Back to my lips. My lips are a total freak show right now and I've been choosing to largely ignore it. I am not fishing for compliments here nor am I hoping that some friendly lip Samaritan comments in the comments section (below: you just click comment and then type in your comment it's super easy in case you wanted to know) writes something like 'But no, Nora, you look ravishing, your lips are like an angel's bottom.' No I'm not hoping for that. I'm fine with it and I'm pretty sure they will get better with time.  They are super chapped though and I have tried a lot of different ways to try to combat this. Before all this happened, I definitely used too much lip balm and they would get chapped in the winter because I used too much of the sweet nectar. Now I have the added pleasure of medication mixed in with a compulsion for lip balm and I'm up the creek without a paddle, and the creek has been emptied because it's the apocalypse and there is no water left on earth. My friend Layla has suggested I try using a toothbrush to buff my lips and then put lip balm on before I go to bed. Which is actually helpful and stopped me from looking like I had just done a four day bender in the Sahara Desert at any given time. I also started making my own lip balm, which is also a work in progress but I'm perfecting the recipe, and it avoids using any products with toxins that might dry my lips even further. For now, here is my recipe I've been using so far. I got it originally from this book: and have now modified it for my own use and enjoyment. It's very moisturizing and heals cracks. If you get the ingredients they will last you for months on end, and it's a minimal investment for months of gifts. I can't say if you'll be as quaint and crafty as me, but you can try.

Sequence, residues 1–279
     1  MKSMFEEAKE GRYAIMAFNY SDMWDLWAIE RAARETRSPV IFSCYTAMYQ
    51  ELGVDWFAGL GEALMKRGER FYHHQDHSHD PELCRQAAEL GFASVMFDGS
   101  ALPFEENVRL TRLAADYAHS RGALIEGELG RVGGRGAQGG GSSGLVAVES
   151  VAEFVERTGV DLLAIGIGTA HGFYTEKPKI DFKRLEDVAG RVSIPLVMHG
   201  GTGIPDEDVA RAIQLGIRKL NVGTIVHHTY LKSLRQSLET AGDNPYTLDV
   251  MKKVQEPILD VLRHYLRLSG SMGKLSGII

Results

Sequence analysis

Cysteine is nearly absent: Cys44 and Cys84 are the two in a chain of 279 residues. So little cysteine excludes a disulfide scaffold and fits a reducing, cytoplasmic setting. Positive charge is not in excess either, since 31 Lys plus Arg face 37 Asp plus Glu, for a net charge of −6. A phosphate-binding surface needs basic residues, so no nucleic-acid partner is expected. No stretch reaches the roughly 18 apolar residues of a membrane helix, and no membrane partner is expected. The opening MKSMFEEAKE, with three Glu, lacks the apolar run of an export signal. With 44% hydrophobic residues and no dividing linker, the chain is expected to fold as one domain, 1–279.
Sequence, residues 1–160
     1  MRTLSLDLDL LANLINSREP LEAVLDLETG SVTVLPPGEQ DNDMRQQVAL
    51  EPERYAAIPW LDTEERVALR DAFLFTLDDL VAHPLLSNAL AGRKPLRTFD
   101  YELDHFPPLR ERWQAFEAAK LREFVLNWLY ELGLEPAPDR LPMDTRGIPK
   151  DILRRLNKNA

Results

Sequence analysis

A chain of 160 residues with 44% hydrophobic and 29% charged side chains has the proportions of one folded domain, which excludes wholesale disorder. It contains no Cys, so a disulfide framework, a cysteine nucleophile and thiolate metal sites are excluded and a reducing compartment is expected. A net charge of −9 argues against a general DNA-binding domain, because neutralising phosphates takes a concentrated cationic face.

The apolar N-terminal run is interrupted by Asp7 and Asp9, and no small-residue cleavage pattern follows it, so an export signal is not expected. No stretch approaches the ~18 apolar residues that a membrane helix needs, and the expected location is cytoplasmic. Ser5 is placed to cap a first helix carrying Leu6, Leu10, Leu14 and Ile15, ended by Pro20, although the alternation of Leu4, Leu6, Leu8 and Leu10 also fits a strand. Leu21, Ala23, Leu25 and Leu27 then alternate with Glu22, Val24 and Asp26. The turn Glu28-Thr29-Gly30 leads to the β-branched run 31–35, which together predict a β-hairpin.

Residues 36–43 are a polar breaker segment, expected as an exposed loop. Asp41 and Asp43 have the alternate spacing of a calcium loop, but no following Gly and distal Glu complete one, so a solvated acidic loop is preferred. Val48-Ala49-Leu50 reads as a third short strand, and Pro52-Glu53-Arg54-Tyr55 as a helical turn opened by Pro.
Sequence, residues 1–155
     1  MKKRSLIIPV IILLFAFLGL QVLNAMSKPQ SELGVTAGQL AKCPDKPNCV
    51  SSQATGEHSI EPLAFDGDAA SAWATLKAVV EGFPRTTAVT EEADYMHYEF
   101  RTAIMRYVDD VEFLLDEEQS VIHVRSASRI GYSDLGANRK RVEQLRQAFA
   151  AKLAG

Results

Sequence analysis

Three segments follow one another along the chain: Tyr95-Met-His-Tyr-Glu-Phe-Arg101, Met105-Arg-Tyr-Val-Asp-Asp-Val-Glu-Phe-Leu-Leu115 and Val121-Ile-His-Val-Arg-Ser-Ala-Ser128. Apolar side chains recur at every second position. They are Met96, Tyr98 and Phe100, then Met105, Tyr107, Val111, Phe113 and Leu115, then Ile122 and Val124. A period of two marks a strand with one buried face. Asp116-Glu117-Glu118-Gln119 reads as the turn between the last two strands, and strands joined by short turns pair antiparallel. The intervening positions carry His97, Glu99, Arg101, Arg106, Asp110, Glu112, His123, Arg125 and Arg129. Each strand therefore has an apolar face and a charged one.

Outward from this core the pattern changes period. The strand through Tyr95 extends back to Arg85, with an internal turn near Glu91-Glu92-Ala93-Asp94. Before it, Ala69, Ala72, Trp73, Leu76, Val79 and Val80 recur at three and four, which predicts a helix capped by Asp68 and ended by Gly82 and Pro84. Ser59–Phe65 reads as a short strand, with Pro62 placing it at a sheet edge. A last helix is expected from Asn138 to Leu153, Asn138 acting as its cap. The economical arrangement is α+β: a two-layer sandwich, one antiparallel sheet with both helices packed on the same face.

Lip Balm Recipe

3 tbs beeswax

2 tbs cocoa butter

3 tbs unrefined coconut oil

2 tbs sweet almond oil

3 tbs Calendula oil

8 drops Vitamin E Oil

10 drops lavender essential oil (lavender is calming and a stress reliever. But there are SOO many other amazing essential oils you can add to your lippy)

I throw in Geranium or Peppermint oil sometimes. You can use whatever other essential oil you might enjoy. Then you just mixy mixy and you're done. Nope. Wish it was that easy. You could do this but you'd just have a big crumbly, oily mess and it wouldn't resemble lip balm even closely. It wouldn't even be cousins with lip balm. This does take minimal effort but you still have to put your back into it, this is not Pinterest things do not just magically empty into mason jars on their own by magical fairies in the forest.  

Ready for my lips to look like this. Photo from  DJ Olley.

Ready for my lips to look like this. Photo from DJ Olley.

Take a double boiler (if you are fancy and own one of those) or do bain-marie (just sticking a metal bowl in a pot of boiling water) and melt the beeswax, cocoa butter and coconut oil. This is a very delicate process, you have to pay attention otherwise the beeswax will HARDEN before you throw in the other ingredients which you do NOT want.

Then just stir in the sweet almond oil, Vitamin E oil, Calendula oil and the essential oils (in the same bowl or pan) and put into packaging of your choice. I put them in metal tins because they look the cutest and most quaint (and most eco-friendly) but you can also order the tubes off Amazon. Then please let cool for half an hour before closing. THEN comes the fun part, you can make labels for them and give them away or use all the lip balm you want like the lip balm hoarder I hope you are. This is where I get my essential oils, cocoa butter, Calendula oil and Sweet Almond Oil, they're a one stop shop for everything and you can be sure that they aren't trying to swindle you: Mountain Rose Herbs.